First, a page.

Effect of left ventricular assist device combination therapy on myocardial blood flow in patients with end-stage dilated cardiomyopathy

Patrick Tansley, Magdi Yacoub, Ornella Rimoldi, Emma Birks, James Hardy, Mandy Hipkin, Christopher Bowles, Heiko Kindler, David Dutka, Paolo G. Camici

Research output: Contribution to journalArticle

12 Citations (Scopus)

Abstract

Background Changes in myocardial blood flow (MBF) and coronary flow reserve (CFR) are independent prognostic risk factors in idiopathic dilated cardiomyopathy (DCM). The aim of this study was to assess the impact of left ventricular unloading using left ventricular assist device (LVAD) combination therapy on resting MBF and CFR in patients with end-stage heart disease. Methods We studied 11 patients with deteriorating end-stage DCM (New York Heart Association Class 4) treated with LVAD support combined with pharmacologic therapy in a recovery program. Absolute MBF was measured using oxygen-15-labeled water (H2 15O) positron emission tomography (PET) at rest during LVAD support and 15 minutes after the LVAD was switched off. Data were corrected for rate pressure product (RPP) when appropriate. Hyperemic MBF (intravenous adenosine, 140 μg/kg·min) was also measured in 6 patients with the LVAD switched off. CFR was calculated as the ratio MBF adenosine/MBF LVAD off (corrected). Data are expressed as mean ± SD. Results At 317 ± 193 days after device implantation, resting MBF was 0.95 ± 0.29 (LVAD on) and 1.46 ± 0.62 (LVAD off, corrected) ml/min·g (p = 0.01). MBF (LVAD on) was comparable with that of 11 age- and gender-matched normal controls (1.09 ± 0.22 ml/min·g). CFR in the LVAD group was 1.49 ± 0.99 compared with 3.56 ± 1.42 in normal controls (p <0.01). Conclusions During LVAD support, resting MBF (LVAD on) was comparable to MBF in normal controls and increased when the LVAD was switched off. However, CFR was significantly impaired, even though all patients studied showed varying degrees of myocardial recovery. The implications of these findings, particularly in the long term, require further study.

Original languageEnglish
Pages (from-to)1283-1289
Number of pages7
JournalJournal of Heart and Lung Transplantation
Volume23
Issue number11
DOIs
Publication statusPublished - Nov 2004

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Heart-Assist Devices
Dilated Cardiomyopathy
Therapeutics
Adenosine
Positron-Emission Tomography
Heart Diseases

ASJC Scopus subject areas

  • Cardiology and Cardiovascular Medicine
  • Surgery
  • Transplantation

Cite this

Effect of left ventricular assist device combination therapy on myocardial blood flow in patients with end-stage dilated cardiomyopathy. / Tansley, Patrick; Yacoub, Magdi; Rimoldi, Ornella; Birks, Emma; Hardy, James; Hipkin, Mandy; Bowles, Christopher; Kindler, Heiko; Dutka, David; Camici, Paolo G.

In: Journal of Heart and Lung Transplantation, Vol. 23, No. 11, 11.2004, p. 1283-1289.

Research output: Contribution to journalArticle

Tansley, Patrick ; Yacoub, Magdi ; Rimoldi, Ornella ; Birks, Emma ; Hardy, James ; Hipkin, Mandy ; Bowles, Christopher ; Kindler, Heiko ; Dutka, David ; Camici, Paolo G. / Effect of left ventricular assist device combination therapy on myocardial blood flow in patients with end-stage dilated cardiomyopathy. In: Journal of Heart and Lung Transplantation. 2004 ; Vol. 23, No. 11. pp. 1283-1289.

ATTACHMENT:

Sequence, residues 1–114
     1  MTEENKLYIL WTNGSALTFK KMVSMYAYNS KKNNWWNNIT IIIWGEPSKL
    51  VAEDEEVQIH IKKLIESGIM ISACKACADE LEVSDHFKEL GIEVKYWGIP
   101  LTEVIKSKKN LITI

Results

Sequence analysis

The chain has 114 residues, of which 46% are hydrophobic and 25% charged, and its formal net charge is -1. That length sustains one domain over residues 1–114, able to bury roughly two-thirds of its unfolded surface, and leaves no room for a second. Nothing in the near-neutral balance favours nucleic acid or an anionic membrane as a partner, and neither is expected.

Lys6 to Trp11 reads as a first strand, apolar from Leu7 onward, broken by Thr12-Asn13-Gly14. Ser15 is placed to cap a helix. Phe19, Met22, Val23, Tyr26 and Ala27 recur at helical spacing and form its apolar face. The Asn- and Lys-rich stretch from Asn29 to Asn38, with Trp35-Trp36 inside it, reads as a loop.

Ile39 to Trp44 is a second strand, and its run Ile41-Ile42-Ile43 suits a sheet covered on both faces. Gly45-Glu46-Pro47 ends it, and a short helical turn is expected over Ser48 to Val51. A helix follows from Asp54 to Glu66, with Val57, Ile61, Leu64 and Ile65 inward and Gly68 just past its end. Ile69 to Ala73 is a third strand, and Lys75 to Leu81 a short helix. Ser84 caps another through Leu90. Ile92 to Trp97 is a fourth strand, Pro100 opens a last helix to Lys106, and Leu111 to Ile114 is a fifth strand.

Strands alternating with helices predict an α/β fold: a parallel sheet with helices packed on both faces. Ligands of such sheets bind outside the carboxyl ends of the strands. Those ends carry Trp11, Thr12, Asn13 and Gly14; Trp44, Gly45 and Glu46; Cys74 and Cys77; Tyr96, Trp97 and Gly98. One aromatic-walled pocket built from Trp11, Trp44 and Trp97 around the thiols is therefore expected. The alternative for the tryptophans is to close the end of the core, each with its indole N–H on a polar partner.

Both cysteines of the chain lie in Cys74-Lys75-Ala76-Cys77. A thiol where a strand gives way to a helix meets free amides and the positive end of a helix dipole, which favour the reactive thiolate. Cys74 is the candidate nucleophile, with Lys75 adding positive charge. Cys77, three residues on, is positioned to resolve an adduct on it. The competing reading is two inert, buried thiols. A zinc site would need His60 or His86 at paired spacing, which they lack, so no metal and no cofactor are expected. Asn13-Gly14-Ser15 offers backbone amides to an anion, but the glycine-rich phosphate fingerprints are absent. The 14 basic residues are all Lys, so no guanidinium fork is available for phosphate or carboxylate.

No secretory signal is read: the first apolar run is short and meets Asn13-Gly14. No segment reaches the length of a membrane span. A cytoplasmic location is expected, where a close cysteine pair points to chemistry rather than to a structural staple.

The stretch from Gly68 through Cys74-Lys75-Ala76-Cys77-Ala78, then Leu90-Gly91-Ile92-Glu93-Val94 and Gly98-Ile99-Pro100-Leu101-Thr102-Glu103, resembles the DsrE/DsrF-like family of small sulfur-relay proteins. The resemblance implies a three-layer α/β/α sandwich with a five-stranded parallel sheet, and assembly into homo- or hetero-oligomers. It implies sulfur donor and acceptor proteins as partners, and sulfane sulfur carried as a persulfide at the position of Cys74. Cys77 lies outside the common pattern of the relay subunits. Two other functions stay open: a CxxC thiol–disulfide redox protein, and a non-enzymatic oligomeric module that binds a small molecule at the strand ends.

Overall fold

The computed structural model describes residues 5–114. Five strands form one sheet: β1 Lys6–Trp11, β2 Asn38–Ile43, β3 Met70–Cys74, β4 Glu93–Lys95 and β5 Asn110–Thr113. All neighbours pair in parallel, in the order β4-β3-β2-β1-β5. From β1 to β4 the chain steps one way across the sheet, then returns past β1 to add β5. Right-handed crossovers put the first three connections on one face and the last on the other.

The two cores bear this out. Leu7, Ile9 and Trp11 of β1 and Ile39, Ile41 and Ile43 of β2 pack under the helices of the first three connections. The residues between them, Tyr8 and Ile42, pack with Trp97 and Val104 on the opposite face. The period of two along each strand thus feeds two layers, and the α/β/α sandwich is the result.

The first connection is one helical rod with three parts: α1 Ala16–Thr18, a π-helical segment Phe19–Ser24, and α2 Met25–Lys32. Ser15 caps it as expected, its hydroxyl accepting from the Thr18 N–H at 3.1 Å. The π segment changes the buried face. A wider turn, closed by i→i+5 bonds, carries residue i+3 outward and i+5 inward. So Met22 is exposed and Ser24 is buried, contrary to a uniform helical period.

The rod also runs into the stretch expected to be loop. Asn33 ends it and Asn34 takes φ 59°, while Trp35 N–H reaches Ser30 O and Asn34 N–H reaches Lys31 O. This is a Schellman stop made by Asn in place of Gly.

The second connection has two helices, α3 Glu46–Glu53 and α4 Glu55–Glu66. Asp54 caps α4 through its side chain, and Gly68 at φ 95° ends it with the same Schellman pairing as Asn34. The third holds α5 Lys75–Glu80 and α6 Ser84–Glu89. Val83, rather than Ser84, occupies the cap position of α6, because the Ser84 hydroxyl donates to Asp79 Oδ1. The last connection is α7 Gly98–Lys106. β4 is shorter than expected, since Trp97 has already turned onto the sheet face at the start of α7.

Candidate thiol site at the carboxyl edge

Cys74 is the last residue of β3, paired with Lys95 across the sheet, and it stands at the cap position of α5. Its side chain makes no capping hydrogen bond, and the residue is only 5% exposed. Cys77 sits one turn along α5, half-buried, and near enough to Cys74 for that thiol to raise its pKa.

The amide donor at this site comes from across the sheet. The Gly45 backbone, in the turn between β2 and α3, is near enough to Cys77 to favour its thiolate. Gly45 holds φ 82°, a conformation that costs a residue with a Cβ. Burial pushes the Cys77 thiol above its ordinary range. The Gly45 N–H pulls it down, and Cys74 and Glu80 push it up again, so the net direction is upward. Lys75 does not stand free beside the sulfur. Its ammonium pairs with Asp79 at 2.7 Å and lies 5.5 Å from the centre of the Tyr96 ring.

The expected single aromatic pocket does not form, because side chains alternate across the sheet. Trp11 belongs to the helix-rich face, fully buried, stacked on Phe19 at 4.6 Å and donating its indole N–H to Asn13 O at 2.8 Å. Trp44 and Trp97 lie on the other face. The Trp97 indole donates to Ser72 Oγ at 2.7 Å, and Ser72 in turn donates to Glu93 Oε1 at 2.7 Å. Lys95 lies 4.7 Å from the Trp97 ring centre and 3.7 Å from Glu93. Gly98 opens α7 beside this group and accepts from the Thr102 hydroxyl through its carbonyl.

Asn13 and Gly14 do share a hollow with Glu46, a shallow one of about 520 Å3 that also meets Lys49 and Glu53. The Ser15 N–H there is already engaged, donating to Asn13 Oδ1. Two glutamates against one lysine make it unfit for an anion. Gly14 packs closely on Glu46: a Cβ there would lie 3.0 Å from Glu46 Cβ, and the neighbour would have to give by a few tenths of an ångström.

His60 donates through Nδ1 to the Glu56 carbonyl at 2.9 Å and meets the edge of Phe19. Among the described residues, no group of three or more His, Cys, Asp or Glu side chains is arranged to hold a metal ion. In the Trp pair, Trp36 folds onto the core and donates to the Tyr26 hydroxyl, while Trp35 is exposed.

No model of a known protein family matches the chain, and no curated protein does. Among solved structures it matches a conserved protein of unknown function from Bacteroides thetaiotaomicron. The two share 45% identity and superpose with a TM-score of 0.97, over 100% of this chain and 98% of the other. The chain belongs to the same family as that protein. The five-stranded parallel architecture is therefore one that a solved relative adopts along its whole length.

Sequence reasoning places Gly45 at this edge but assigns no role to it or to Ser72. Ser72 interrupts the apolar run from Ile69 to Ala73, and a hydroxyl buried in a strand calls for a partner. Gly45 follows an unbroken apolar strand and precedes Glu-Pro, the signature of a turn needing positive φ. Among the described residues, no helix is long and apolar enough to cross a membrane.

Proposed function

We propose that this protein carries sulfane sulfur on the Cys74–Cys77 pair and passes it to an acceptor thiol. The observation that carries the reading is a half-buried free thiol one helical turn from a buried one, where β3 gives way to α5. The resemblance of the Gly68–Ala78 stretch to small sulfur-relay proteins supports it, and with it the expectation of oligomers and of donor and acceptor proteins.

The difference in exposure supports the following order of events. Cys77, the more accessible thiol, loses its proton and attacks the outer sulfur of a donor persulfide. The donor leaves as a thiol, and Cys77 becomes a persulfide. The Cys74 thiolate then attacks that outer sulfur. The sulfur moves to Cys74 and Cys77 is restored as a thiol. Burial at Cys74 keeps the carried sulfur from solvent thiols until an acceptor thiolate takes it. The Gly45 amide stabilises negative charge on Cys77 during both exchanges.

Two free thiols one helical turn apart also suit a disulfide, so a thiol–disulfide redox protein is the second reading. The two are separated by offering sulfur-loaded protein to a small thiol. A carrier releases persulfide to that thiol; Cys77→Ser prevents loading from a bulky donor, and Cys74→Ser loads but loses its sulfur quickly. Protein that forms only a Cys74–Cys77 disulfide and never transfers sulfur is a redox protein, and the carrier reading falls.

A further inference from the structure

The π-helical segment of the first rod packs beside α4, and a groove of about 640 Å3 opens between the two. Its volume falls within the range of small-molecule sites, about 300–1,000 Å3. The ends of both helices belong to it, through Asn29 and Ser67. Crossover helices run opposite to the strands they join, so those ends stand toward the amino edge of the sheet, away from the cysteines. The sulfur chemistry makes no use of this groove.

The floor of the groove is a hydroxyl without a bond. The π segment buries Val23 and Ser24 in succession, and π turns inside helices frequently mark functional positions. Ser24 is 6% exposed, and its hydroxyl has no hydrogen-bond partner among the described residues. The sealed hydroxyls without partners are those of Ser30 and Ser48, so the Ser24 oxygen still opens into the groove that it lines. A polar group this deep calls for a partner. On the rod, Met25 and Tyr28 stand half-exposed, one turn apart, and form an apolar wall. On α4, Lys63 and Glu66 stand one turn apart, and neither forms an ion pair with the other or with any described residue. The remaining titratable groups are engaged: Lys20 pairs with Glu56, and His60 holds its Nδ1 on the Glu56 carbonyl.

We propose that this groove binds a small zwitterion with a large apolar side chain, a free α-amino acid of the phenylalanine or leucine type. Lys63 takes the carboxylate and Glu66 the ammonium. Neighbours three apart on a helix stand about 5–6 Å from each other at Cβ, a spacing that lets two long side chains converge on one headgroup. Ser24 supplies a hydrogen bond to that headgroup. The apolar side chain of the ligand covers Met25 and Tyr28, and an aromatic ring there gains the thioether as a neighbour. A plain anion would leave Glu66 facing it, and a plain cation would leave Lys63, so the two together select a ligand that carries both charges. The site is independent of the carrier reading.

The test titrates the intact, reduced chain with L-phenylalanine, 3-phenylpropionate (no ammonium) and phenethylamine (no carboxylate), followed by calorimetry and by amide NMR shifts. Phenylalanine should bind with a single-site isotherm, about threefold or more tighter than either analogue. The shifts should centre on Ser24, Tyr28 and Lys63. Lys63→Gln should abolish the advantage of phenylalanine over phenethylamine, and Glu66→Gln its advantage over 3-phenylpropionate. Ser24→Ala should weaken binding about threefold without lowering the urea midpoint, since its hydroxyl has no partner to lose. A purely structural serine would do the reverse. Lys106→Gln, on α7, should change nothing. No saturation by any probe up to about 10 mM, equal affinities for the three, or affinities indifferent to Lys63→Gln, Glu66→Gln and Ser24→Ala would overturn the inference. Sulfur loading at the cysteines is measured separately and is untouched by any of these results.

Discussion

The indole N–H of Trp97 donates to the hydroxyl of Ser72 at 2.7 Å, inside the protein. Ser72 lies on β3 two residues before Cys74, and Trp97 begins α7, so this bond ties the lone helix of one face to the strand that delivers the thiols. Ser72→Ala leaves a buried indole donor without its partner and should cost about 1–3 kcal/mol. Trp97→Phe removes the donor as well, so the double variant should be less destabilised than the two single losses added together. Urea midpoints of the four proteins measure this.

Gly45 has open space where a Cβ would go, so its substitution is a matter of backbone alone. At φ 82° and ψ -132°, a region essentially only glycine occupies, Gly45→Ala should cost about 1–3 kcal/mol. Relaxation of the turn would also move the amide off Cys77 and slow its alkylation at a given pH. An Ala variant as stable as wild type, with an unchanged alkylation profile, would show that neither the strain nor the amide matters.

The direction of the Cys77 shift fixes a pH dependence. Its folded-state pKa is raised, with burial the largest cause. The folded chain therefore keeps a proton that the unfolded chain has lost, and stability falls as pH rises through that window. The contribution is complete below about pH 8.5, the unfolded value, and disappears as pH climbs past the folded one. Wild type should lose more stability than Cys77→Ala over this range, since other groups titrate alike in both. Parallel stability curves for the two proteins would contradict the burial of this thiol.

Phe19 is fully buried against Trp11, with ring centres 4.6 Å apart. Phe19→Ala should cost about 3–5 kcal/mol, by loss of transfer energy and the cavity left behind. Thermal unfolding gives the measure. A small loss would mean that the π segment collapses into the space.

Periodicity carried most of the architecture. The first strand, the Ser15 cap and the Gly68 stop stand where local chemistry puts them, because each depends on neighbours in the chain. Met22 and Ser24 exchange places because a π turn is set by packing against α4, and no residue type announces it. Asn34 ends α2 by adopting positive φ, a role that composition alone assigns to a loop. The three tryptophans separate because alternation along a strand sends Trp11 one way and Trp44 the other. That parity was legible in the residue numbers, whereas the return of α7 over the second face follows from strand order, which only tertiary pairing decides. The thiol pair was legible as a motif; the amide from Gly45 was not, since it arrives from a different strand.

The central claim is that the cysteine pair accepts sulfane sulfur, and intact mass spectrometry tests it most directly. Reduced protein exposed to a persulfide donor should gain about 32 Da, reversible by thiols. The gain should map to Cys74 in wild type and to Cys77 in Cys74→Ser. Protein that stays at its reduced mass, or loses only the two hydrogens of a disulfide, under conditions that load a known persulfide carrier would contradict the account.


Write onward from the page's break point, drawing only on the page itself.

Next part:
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abstract = "Background Changes in myocardial blood flow (MBF) and coronary flow reserve (CFR) are independent prognostic risk factors in idiopathic dilated cardiomyopathy (DCM). The aim of this study was to assess the impact of left ventricular unloading using left ventricular assist device (LVAD) combination therapy on resting MBF and CFR in patients with end-stage heart disease. Methods We studied 11 patients with deteriorating end-stage DCM (New York Heart Association Class 4) treated with LVAD support combined with pharmacologic therapy in a recovery program. Absolute MBF was measured using oxygen-15-labeled water (H2 15O) positron emission tomography (PET) at rest during LVAD support and 15 minutes after the LVAD was switched off. Data were corrected for rate pressure product (RPP) when appropriate. Hyperemic MBF (intravenous adenosine, 140 μg/kg·min) was also measured in 6 patients with the LVAD switched off. CFR was calculated as the ratio MBF adenosine/MBF LVAD off (corrected). Data are expressed as mean ± SD. Results At 317 ± 193 days after device implantation, resting MBF was 0.95 ± 0.29 (LVAD on) and 1.46 ± 0.62 (LVAD off, corrected) ml/min·g (p = 0.01). MBF (LVAD on) was comparable with that of 11 age- and gender-matched normal controls (1.09 ± 0.22 ml/min·g). CFR in the LVAD group was 1.49 ± 0.99 compared with 3.56 ± 1.42 in normal controls (p <0.01). Conclusions During LVAD support, resting MBF (LVAD on) was comparable to MBF in normal controls and increased when the LVAD was switched off. However, CFR was significantly impaired, even though all patients studied showed varying degrees of myocardial recovery. The implications of these findings, particularly in the long term, require further study.",